NBA: How Is the Melo Experiment Working out so Far for Knicks?

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NBA: How Is the Melo Experiment Working out so Far for Knicks?

There were 28 games remaining in the season when the New York Knicks traded for Carmelo Anthony. Fourteen of those games have now been played, and the new-look Knicks record in those games stands at 7-7. This shouldn’t come as that big of a surprise. That other team in South Beach started the season with a record of just 9-8 after 17 games.

It takes a while for superstar-laden teams to gel, to gain chemistry, to really find their stride. What makes the Knicks record so surprising is the fact that they are 1-5 against teams with under .500 records. This of course also means that the Carmelo-led Knicks are 6-2 against teams with above .500 records.

So what’s the difference? Why do the Knicks struggle against bad teams, while thriving against better ones?

First, and most importantly, it comes down to defense. In six games against opponents with records under .500 (amazingly all from the Central Division—Cleveland and Indiana twice, Milwaukee and Detroit once each), the Knicks are allowing 111 points per game on 48.6 percent from the field and 42.5 percent from three.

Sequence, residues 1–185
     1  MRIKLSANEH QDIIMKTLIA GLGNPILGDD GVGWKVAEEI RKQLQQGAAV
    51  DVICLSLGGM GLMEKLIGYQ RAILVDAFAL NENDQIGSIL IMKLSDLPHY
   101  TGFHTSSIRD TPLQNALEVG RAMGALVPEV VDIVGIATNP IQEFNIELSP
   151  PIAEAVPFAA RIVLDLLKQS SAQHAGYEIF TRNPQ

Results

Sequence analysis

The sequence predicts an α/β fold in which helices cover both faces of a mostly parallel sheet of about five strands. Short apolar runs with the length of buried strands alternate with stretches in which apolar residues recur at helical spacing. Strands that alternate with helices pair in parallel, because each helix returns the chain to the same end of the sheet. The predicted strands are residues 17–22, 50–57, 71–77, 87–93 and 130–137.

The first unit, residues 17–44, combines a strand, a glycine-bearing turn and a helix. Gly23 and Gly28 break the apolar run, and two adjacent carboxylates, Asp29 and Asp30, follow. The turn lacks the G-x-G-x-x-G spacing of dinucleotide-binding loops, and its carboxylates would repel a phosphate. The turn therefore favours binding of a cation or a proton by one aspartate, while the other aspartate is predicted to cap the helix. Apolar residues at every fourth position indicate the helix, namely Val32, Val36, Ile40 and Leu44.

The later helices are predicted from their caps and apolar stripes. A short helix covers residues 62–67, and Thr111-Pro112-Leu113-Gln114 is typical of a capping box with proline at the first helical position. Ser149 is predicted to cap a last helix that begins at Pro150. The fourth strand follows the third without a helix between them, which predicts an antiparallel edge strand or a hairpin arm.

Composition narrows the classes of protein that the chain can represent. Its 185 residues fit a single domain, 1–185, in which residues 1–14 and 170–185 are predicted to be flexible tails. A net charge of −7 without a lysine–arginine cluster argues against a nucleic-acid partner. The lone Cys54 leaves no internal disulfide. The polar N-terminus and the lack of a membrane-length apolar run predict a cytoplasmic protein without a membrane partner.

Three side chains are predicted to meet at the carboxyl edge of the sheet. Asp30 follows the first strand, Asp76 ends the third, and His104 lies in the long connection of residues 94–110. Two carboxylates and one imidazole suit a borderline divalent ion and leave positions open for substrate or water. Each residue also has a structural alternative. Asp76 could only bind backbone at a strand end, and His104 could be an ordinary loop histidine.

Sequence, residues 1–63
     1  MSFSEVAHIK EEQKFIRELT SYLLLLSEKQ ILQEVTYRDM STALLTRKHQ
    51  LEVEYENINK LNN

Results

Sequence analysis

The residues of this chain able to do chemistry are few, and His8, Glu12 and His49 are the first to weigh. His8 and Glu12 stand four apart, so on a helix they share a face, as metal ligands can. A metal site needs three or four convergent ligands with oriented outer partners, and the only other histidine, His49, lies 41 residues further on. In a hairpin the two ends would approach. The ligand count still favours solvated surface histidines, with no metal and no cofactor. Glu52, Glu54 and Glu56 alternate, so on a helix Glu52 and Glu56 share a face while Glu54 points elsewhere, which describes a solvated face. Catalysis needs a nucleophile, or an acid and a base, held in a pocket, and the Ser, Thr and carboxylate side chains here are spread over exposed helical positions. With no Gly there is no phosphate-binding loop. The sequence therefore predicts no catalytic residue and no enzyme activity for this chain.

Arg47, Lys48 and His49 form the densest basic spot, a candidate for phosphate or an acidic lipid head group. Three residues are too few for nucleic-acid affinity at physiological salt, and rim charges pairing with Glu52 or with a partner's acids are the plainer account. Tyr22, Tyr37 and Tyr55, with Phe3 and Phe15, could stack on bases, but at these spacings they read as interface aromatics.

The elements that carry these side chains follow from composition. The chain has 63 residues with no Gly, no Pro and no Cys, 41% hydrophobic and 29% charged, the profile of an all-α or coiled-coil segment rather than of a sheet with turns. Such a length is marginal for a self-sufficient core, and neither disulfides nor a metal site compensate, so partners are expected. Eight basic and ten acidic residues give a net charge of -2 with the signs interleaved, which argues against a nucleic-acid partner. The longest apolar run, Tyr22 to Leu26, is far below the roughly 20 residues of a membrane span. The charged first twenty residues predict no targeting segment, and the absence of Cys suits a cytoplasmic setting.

In eight games against teams with above .500 records [Miami, Orlando, New Orleans, Utah, Dallas, Atlanta, Memphis (2)], the Knicks allow just 101.5 points per game on 47.1 percent from the field and 34.5 percent from three.

That really just comes down to effort and intensity. The Knicks get up for big games and bring the defensive intensity. When they are playing lesser opponents, they relax because they think they can coast on their offensive talent.

Whose fault is it that the Knicks can't beat bad teams?

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Offensively, there is not much difference in how the Knicks have played against good teams versus how they have fared against bad teams.

The Knicks score 109.6 points per game on 49.8 percent from the field and 40 percent from three in games against teams with under .500 records. In games against teams with over .500 records, those numbers are 108.7 points per game on 47.6 percent from the field and 41.5 percent from three.

They actually average 0.9 less points per game against above .500 teams and shoot a worse percentage from the field by 2.2 percent. They shoot 1.5 percent better from three.

It really is all about defense. Defense is all about effort and intensity. The Knicks need to realize that offense alone will not win games for them and bring their defensive intensity every night.

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